Copyright law is a compromise, and compromises do not satisfy everyone. In the case of copyright law, the compromise probably does not satisfy anyone. Publishers are concerned to get a good return on their investment in publications.
Users are concerned to get the easiest access to published materials with the minimum of bureaucracy and, if possible, to have that access free at the point of use. The position has got worse since materials in machine readable form have become available. Publishers fear their business is threatened if permission is given to users to copy and then widely disseminate materials they have invested in to create. They are concerned that in practice the law is so ambiguously worded, or so difficult to enforce, that users get away with damaging, large-scale copying. Users feel copyright law prevents them doing what they want to do - download materials, annotate them and forward them to colleagues. Librarians find themselves caught between competing pressures. They have to impose rules set down by the law which may bear no resemblance to the realities of fulfilling demands from staff and students.
The problem is exacerbated by pressures on academics no longer to assign copyright to publishers when they submit articles for publication, but instead to license the publishers to reproduce the material in print, while the authors retain, for example, all electronic rights. This will add to the difficulties publishers see they are facing.
There has long been tension between copyright owners, creators and users in the sphere of academic publishing. Some take an aggressive stance, arguing that academics should ignore publishers altogether, place their material directly on the Internet and rely on academic practice and netiquette to ensure their work gains recognition. They hope in this way that the middleman, the publisher, becomes sidelined. Others have argued for a united front by librarians against what they perceive to be overpriced and over-restrictive licences to convert printed documents into digital form or disseminate digitised documents, and propose setting up ground rules so that such licences favour the users more.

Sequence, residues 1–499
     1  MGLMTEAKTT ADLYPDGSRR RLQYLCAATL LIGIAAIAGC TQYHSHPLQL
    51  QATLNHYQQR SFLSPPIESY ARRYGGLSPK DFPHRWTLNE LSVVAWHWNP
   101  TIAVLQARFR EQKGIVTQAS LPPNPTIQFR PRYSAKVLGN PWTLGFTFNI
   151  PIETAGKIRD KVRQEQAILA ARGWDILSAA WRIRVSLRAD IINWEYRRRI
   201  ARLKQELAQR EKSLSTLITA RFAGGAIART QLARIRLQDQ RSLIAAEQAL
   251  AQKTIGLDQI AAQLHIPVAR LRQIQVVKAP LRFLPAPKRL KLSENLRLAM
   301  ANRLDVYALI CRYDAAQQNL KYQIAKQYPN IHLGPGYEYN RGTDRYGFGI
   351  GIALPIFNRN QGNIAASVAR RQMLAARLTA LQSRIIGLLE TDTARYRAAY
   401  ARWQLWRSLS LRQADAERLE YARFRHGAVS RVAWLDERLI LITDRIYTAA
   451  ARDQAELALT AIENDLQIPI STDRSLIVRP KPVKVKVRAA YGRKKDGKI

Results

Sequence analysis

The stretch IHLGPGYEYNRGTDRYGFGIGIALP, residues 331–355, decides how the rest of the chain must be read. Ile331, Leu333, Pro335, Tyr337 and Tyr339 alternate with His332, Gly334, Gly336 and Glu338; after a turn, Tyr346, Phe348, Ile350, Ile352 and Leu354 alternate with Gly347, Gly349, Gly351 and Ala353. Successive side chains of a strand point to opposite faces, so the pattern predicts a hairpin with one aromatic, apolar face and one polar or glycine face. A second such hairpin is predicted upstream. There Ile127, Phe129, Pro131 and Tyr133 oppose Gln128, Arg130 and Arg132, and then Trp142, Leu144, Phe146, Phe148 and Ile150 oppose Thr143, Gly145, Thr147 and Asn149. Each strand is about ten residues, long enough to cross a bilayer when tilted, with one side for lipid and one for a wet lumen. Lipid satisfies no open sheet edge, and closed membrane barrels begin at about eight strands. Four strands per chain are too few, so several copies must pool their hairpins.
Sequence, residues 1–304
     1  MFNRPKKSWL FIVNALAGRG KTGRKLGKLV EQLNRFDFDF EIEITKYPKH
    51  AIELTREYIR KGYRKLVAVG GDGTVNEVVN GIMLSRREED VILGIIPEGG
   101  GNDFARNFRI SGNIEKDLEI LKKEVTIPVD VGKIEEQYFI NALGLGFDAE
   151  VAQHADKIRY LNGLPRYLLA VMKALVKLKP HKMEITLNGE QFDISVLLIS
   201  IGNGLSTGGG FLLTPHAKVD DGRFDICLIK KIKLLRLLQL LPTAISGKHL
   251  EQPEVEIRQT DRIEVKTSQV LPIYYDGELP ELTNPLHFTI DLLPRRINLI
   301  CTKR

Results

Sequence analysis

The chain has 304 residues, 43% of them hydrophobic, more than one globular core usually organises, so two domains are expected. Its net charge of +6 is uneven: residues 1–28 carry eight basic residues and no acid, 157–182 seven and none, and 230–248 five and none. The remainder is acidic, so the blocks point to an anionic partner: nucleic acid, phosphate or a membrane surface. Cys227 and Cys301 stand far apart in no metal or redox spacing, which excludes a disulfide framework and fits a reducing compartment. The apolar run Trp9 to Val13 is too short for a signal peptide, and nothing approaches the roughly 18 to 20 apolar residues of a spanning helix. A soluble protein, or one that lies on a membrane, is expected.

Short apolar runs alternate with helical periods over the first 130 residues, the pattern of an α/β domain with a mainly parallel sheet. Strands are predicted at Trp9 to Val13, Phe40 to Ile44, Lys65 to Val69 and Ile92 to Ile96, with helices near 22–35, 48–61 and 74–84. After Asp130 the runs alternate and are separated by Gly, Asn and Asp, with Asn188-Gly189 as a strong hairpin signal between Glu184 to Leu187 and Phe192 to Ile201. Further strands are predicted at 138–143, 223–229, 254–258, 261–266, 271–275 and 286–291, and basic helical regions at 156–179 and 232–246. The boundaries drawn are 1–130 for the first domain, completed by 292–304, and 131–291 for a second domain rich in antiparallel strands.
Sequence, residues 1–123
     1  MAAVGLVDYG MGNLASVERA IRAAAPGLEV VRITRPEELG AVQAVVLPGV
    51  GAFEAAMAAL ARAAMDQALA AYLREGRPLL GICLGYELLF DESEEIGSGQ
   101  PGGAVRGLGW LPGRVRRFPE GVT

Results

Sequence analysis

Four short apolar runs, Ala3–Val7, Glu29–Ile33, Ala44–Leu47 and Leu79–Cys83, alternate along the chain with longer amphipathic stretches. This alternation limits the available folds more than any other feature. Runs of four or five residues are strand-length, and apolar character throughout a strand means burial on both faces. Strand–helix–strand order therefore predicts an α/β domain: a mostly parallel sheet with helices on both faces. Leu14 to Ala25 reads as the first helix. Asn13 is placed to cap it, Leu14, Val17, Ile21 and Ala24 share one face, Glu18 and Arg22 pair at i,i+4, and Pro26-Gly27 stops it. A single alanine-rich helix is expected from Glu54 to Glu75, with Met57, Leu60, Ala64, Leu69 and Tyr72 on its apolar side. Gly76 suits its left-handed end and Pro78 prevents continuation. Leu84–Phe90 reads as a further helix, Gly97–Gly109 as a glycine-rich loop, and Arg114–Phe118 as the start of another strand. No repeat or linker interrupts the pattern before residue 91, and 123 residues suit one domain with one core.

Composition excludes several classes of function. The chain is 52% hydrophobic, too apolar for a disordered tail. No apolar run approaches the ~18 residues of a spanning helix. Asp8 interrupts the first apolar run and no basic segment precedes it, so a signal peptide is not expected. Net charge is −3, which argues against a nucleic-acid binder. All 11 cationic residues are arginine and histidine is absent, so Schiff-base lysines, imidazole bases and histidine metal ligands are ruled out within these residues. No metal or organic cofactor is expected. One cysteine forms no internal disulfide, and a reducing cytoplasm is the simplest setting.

In view of all these difficulties, it is perhaps not surprising that the Dearing report on higher education recommended to the government that the copyright law be amended to give academics and students easier access to digitised documents for research or studying than is presently allowed. The government indicated in an answer to a parliamentary question that it does not intend to change the law at present.
But do we need to change the law at all? Ian McCartney, the minister who replied to the question, said: "I understand there are discussions between the Publishers Association and the Joint Information Systems Committee (of the three higher education funding councils) on a licensing scheme covering digital material and specifically designed to meet the needs of teachers and researchers. I very much hope that a successful scheme can be devised."
The truth is that the conflict between academics and publishers is not as bad as many make out. Genuine progress has been made by the JISC/Publishers Association Working Parties in the past year. Following Chatham House rules, individuals from both academia and publishers have developed guidelines on fair dealing in electronic materials, on clearance mechanisms and pricing algorithms that should be used when licences for converting documents into digital form are granted, and a set of standard clauses for contracts for both digitising print materials and the use of materials provided in electronic form. Further work is underway to gain agreement on what should be permitted in regard to inter-library loans in the digital environment.
The work has produced results and it is not going on in isolation. Other developments, such as a one-stop shop for clearing the digitising of scholarly materials so that universities and colleges will no longer have to negotiate with a whole series of publishers, will simplify life for academics, librarians and publishers.
A librarian from Europe recently criticised the JISC/PA working groups. He said that the only way to deal with publishers was by confrontation, and that by negotiating with publishers, JISC was weakening the solidarity of librarians in dealing with greedy multinational publishers. I do not believe that. The JISC/PA work has produced progress. We wanted a win-win situation, and we have achieved it. Two years ago I was convinced academics and publishers were heading for a major battle over copyright in digitised materials. Now peace has broken out, and I am optimistic we have avoided confrontation. As a result we can all get on with what we are best at doing.
Charles Oppenheim is professor of information science at Loughborough University. He is a member of JISC and was a member of two of the JISC/PA working parties.
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